Can Safeguarding Against Contaminating Allergy Sufferers with their Allergen be an Ethical Belief?

By Octavia Fineman

4th January, 2020

Yesterday, on the 3rd January 2020 Judge Robin Postle ruled in an Employment Tribunal that veganism is a protected belief in law. 


The ruling was made due to Jordi Casamijitana claiming he was dismissed from his employment unfairly.  He believes that he was unfairly dismissed because he argued that the pension fund of the company invested in companies which were involved with animal testing.


However, the ruling did not find in favour that Mr Jordi Casamijitana was unfairly dismissed, but brought attention to another aspect, and that is, veganism is a protected belief in law.  The judge ruled that veganism belief is protected under the Equality Act 2010.  As a result, people who follow a vegan lifestyle will be protected in law from discrimination.  Discrimination will not be applied to them in places such as the workplace, education, transport and the provision of services.   In an article published in The Daily Telegraph today, 4th January, it even mentioned that companies may have to dispose of leather furniture if their employee is offended, and even the presence of guide dogs may have to be reviewed.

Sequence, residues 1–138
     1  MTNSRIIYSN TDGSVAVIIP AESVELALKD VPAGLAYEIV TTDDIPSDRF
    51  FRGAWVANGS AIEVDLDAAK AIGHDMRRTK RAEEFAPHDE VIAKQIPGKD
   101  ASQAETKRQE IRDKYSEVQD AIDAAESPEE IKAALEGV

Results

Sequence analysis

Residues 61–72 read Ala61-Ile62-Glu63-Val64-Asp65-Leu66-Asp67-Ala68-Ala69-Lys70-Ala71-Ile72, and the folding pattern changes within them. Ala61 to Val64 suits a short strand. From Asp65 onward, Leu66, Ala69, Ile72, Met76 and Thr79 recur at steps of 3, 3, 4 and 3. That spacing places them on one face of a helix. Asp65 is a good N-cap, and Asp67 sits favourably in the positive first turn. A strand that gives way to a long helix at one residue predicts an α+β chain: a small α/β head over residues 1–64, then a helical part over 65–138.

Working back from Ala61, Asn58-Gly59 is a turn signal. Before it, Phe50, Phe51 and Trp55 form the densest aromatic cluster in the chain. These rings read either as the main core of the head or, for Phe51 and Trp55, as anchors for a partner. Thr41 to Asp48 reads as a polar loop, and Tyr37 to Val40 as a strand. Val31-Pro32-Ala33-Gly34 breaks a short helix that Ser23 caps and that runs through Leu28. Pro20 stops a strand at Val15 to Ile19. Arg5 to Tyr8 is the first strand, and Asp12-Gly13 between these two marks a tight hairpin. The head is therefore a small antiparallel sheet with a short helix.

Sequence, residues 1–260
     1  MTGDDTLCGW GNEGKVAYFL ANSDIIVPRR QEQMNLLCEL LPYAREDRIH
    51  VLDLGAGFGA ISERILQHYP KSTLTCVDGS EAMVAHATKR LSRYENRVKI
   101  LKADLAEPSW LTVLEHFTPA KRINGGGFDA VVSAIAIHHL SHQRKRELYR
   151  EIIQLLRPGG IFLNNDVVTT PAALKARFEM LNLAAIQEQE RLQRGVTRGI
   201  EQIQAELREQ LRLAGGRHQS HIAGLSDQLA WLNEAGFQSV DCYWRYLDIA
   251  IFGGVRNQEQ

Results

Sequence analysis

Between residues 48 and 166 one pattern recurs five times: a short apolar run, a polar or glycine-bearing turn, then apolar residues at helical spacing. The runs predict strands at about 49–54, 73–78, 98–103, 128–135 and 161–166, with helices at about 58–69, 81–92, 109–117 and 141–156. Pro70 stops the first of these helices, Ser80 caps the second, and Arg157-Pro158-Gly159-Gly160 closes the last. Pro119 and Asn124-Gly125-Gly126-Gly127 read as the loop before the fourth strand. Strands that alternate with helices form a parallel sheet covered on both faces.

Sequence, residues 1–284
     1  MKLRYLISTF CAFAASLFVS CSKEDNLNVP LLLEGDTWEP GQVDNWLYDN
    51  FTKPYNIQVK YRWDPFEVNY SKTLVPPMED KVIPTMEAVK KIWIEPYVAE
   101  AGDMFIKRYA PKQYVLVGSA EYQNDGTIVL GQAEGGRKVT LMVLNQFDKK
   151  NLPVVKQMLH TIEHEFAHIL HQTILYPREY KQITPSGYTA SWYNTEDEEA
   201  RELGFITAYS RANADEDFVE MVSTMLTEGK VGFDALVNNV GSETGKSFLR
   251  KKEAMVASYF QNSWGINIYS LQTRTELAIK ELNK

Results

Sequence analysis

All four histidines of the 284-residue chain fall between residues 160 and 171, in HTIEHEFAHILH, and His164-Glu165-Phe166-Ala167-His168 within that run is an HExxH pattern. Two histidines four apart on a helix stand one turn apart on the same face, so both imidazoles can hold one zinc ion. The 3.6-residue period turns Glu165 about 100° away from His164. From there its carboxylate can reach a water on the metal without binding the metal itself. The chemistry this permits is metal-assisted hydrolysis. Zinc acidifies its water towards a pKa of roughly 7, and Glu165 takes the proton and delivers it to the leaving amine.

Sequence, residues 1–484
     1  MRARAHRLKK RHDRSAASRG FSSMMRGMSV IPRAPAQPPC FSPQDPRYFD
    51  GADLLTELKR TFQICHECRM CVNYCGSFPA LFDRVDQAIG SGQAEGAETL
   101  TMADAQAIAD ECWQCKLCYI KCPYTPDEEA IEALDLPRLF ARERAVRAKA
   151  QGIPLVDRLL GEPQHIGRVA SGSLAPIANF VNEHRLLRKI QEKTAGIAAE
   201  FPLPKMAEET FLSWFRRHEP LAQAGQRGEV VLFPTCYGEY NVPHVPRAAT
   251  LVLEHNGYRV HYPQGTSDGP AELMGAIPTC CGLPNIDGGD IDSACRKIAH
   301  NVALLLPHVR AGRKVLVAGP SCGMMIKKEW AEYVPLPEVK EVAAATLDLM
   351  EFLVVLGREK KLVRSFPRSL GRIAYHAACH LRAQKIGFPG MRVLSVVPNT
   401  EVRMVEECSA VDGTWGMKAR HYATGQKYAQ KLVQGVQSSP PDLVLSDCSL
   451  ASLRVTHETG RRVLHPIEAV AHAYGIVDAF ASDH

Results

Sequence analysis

So this leads me to suggest, may safeguarding allergy sufferers against their food allergens be an ethical belief? For a belief to be protected it must meet the following tests:

  • Is it worthy in a democratic society?

  • Is it not incompatible with human dignity?

  • It does not conflict with fundamental rights of others?

As this belief will fulfil the tests to meet the requirements for a belief to be protected in law, surely this means that allergy sufferers will be safeguarded against discrimination in the outside environment.


If we were to succeed at making this a belief it will mean that allergy sufferers will be safe from anaphylaxis in public transportation, such as train carriages and buses, it will also mean that an employer cannot offer a job to another candidate because they do not have food allergens and it will also mean that school children, and other students, will be protected in a classroom environment.  No longer will parents fear for their child’s wellbeing when they drop them off at the school gates! Moreover, no more sulky passengers on board an aeroplane who have to refrain from eating nuts for a flight duration!


We shall have to wait and see how the vegan belief unfolds, but I sincerely believe this to be a hugely positive step and development for food allergy sufferers!  2020 is already looking great!